And naturally, in your rush to defend the fake The Jam, you missed my point: that it’s OK for people to indulge in nostalgia for things that the missed the first time around by seeing a tribute act, but it’s bad for the tribute act to put product out in the marketplace that competes for sales with the real act.

    Oh, and lame that anybody would buy that product.

  6. Scooby Dubious says:

    Yes, continue with the condescending manner there when you actually HAVEN’T seen them play.

    Let me just take you down a notch in your imagined music-geek hierarchy of cool there pal. I TOO saw The Jam play back when they were still together, you know, with Paul Weller? You know? OH! SNAP! (This is where you chime in with the old “re-living your teen years” fallback insult, right?)

    Whether or not YOU consider them to be the “real Jam” is completely irrelevant as they aren’t promoting themselves as the “real Jam”. But just as food for thought.. were the Rolling Stones the “real” Rolling Stones after Brian Jones left the band? Didn’t Jones START that band?

    But I digress, the point is…you HAVEN’T even seen this band play!…PERIOD. Yet, you’re sure full of pompous condescending hot air aren’t you?

    I haven’t bought this DVD, and I don’t have any intention of ever doing so…
    because I have actually seen them play live! You, on the other hand, feel no need to actually know of what you speak.

    Now THAT is lame. But typical.

  7. Jim says:

    That I am full of pompous condescending hot air is not disputed. As it was in the beginning, is now, and shall always be, world without end amen.

    I do love all of those great Brian Jones songs that the Rolling Stones had to stop playing after they had him killed.

    Because these two situations? Exactly parallel.

    Once again, I should point out that seeing From The Jam is fine, no better or worse than seeing any other tribute band.

    But weren’t The Jam — the real The Jam — totally awesome in concert? Do you not own all of the albums, maybe the CD box set, and possibly even the DVD of the videos? And why? Because The Jam were one of the all-time great bands, and owning those records back then meant something.

    And yet, despite the fact that you’ve seen From The Jam, you have no intention of owning the DVD. And why? Because From The Jam mean nothing.

    So thanks for making my point!!!

  8. Pete in Miami says:

    Wow I am not the only one who has heard of The Jam in the states?
    Hey we “modest” folks might …

    “spread some loving all around
    Old fashioned causes like that still stand
    Gotta rid this prejudice that ties you down”

    I respect and defend your right to love or hate 2/3s of The Jam… I am still blown away that Sting made a boatload on his reunion tour and even if The Jam DID regroup they would be on the DIVE circuit!

    The best group that never got huge, oh wait what about Crowded House…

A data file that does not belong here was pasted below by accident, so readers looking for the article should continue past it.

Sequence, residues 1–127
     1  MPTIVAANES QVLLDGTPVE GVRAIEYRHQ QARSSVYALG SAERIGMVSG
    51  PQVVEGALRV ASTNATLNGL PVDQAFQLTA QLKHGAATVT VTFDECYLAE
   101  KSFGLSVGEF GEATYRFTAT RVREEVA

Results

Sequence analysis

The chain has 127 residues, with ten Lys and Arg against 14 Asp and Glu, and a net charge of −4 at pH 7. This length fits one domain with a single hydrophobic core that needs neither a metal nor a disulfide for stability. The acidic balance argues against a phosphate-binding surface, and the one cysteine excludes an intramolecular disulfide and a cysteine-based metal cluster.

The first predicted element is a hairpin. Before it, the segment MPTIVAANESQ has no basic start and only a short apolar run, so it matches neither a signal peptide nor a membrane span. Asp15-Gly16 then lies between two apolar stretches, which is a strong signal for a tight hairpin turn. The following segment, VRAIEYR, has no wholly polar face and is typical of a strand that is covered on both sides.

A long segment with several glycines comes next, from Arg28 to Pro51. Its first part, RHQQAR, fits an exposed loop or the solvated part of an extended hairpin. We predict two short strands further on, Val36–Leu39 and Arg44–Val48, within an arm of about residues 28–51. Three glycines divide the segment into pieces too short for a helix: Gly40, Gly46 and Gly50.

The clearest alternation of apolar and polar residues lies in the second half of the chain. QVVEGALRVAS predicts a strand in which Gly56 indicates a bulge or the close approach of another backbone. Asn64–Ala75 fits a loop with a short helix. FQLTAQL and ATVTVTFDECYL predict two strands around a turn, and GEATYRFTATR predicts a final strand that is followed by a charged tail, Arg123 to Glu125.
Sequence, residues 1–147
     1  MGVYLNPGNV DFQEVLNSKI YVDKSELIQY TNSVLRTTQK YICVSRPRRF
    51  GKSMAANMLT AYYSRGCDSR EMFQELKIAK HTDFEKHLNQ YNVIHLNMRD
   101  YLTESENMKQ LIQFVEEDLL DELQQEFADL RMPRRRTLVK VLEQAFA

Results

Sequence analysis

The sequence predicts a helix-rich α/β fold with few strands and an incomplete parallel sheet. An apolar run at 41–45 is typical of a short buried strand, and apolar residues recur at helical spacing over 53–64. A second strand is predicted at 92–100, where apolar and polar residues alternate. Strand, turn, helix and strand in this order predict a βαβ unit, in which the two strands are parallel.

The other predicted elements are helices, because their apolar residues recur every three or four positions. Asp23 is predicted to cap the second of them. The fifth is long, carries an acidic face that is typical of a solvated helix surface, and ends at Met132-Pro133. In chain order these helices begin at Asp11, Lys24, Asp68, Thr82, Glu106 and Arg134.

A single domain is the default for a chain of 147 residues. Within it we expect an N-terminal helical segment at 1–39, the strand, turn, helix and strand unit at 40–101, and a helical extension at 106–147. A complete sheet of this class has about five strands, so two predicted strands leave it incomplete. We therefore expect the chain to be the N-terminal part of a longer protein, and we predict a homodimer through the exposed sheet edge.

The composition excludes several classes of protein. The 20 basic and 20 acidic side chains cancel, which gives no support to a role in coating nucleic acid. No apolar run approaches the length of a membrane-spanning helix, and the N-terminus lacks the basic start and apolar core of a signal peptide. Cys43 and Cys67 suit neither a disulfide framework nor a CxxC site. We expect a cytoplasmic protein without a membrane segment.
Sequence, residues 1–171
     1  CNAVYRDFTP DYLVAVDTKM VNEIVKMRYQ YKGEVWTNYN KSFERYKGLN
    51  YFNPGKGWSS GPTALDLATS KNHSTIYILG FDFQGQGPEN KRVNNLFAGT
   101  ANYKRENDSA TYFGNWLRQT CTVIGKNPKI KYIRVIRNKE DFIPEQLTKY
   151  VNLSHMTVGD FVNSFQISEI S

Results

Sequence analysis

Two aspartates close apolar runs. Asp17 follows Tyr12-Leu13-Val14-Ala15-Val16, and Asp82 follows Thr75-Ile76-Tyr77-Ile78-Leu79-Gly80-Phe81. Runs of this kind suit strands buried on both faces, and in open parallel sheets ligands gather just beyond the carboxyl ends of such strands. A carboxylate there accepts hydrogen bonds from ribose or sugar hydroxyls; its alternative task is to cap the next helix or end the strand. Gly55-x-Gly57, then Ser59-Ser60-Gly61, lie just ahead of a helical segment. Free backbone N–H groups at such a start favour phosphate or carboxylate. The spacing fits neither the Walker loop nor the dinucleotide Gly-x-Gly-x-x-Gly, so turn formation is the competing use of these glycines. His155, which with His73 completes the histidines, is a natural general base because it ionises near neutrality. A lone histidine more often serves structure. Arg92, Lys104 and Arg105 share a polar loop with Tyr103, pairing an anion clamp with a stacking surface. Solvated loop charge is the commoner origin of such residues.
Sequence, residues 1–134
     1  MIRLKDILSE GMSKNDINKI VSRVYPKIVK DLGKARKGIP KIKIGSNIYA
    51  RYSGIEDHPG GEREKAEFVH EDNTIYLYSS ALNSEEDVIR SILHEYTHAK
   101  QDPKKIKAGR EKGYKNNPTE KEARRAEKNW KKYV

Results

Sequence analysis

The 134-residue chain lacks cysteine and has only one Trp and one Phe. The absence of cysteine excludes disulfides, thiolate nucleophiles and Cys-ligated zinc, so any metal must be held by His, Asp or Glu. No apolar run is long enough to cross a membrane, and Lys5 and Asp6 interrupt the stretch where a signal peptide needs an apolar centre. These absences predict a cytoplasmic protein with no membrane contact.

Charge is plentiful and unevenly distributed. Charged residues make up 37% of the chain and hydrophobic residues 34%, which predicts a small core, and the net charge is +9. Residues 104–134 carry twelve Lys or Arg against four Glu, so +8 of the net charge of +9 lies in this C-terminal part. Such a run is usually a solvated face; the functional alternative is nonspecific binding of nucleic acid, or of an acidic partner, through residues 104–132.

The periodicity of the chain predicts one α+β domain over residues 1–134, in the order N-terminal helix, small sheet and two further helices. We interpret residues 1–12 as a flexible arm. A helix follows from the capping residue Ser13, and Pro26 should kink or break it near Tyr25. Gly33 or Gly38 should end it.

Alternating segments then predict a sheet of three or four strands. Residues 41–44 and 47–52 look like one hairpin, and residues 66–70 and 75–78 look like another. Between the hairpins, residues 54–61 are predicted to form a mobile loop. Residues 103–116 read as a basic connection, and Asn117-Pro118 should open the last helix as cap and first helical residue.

Do you guys think Wilco might be following these paths?

    Why do I hold so dear- this music so many will never hear?

  9. C J says:


    Am off to see FTJ on Sat and to be honest all I want is a good night out. Not quite the tribute band u keep babbling on about and to be honest Weller seems so much up his arse these days releasing bland toss I am glad they are without him. BUT any dvd sales do seem a bit pointless as all Jam fans have these songs many times over.

  10. Harry Bollocks says:

    First may I say that my thoughts and prayers are with Bruce, his wife Pat and their entire family.

    I got a flyer as well when I went to Weller’s two nights at The Wiltern last September. I’m going to see him again next week , April 17, 2009, at The Warfield in San Francisco.

    I LOVE the contributions of Buckler & Foxton in The Jam. It wouldn’t have been the same without them. No I haven’t seen FTJ. I saw the real thing 5 times. Why would I want to watch or listen to FTJ when I can watch or listen to the real thing? I do however, hope that they would – in this order- Change the name and keep writing their own stuff. That I would support.

    There simply is no bigger Jam supporter than me, period. I don’t want to see Weller do Jam songs either. Move on.

    If one of Paul Mccartney’s backing band members started a “From Mccarntney” band would you seriously go see it or buy the cd’s when you have the real thing availble?

    If you missed it or want to watch it again, play THE JAM cd’s or dvd’s. I DO DAILY!

  11. Old Man from the laTE 70S AND 80.S says:

    I have seen The Jam last year in Perth Ausrtralia and Paul Weller they were brilliant. The Jam was a great knees up which is maybe something that is missing in todays music. Yes most people were over 45 andit was packed , the Emo bar staff could not beleive it and truley thought todays music lacked the spark style and fun that the( From The Jam) Concert had. I lived in London through the Jam era and yes it was a trip down memory lane and whats wrong with that!!
    They were and still are a great band. I think The Businees is touring the states at the moment go and see them and learn some culture as todays climate is very similar to the UK back in the late 70,s and early 80,s

  12. Billy Hunt says:

    I always thought Paul Weller was the weak link. Give me Buckler on the bashers and Foxton on the bass any day.